A railroad is not liable for injuries caused at crossings just because a crossing is hazardous. The crossing must be extrahazardous and the railroad must have been negligent in the maintanence of the crossing in order to be found liable. An "extrahazardous" railroad crossing is one that a reasonable person cannot safely use unless safety measures are taken in excess of those normally used.
In railroad crossing collision cases, liability depends on a number of factors. The most common include:
Generally, there is no duty to provide gates or other safety devices in the absence of a statute requiring them. However, there may be a need for safety devices because of foreseeable accidents. For example, crossings with heavy traffic or crossings where the view of oncoming trains is obstructed may mean that the railroad was negligent in not providing gates or safety devices. If safety devices are not at a crossing where they are required by statute, the railroad company may be guilty of negligence per se (an act which is intrinsically negligent because of the violation of a statute).
Liability depends on the degree of hazard of the particular railroad crossing. Variables such as weather and obstructions will effect the hazardness of the crossing. For example, buildings, trees, bushes, weeds, or grass which obstruct the view of oncoming trains may indicate a breach of care on the part of the railroad. Some jurisdictions have statutes requiring railroads to clear its right of way of trees and shrubs for a specified distance on either side of a crossing.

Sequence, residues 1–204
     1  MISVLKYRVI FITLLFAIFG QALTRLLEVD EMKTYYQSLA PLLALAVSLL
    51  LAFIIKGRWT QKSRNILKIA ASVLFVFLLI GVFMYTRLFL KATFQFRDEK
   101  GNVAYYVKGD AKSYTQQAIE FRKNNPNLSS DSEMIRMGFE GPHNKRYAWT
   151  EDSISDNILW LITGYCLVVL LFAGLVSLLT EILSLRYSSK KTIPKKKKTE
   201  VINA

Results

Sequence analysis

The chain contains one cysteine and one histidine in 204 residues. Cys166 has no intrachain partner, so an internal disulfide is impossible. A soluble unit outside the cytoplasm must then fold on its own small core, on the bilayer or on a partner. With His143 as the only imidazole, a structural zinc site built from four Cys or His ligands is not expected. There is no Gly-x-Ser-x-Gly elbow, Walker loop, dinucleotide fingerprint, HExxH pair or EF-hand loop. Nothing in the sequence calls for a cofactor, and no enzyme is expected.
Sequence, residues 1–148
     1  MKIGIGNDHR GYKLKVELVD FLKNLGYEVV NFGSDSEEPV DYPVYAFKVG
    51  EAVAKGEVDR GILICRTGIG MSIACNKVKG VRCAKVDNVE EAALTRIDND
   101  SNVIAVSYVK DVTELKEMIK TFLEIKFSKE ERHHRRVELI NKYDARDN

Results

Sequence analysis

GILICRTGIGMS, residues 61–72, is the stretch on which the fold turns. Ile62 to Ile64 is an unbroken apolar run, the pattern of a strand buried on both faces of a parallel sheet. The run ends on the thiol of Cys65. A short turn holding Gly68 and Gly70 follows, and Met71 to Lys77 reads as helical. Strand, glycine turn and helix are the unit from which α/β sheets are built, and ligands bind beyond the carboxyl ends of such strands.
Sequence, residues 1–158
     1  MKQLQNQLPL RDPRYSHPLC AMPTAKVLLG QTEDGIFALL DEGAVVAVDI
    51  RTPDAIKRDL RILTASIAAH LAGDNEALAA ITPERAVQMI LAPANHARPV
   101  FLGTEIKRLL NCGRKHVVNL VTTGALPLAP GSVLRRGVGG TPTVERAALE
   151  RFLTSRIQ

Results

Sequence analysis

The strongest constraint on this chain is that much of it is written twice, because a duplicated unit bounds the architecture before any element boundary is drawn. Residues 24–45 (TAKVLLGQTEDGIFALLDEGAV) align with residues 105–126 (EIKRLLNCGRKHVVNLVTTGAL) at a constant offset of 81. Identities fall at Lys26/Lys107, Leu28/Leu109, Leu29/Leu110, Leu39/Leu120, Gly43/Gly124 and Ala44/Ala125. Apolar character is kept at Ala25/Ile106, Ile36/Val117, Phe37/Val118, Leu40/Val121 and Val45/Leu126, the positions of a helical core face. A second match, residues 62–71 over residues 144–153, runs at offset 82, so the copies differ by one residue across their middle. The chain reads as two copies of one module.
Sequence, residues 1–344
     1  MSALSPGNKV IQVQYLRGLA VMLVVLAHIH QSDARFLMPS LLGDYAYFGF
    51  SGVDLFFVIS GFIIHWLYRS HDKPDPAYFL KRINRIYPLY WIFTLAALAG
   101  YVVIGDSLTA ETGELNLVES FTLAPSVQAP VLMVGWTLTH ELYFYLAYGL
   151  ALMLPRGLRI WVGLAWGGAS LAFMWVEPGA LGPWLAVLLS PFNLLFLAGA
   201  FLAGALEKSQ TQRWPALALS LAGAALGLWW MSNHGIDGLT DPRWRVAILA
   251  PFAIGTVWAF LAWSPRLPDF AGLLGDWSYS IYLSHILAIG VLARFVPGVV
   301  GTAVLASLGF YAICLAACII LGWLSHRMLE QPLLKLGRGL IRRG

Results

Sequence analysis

The train and crew must use reasonable care to avoid injury to those who use the crossing. Trains approaching railroad crossings are required to give warning, usually by a bell or whistle. Other factors of the train and its crew, such as speed, lights, signals, and lookout, can also be evidence of the negligence of the railroad.
If you or someone you know has been injured at a railroad crossing, a personal injury attorney can help you recover for your injuries. The railroad company may have defenses to liability, but an attorney can help protect your rights and build your case.
Last Modified: 06-27-2018 02:03 AM PDTLaw Library Disclaimer
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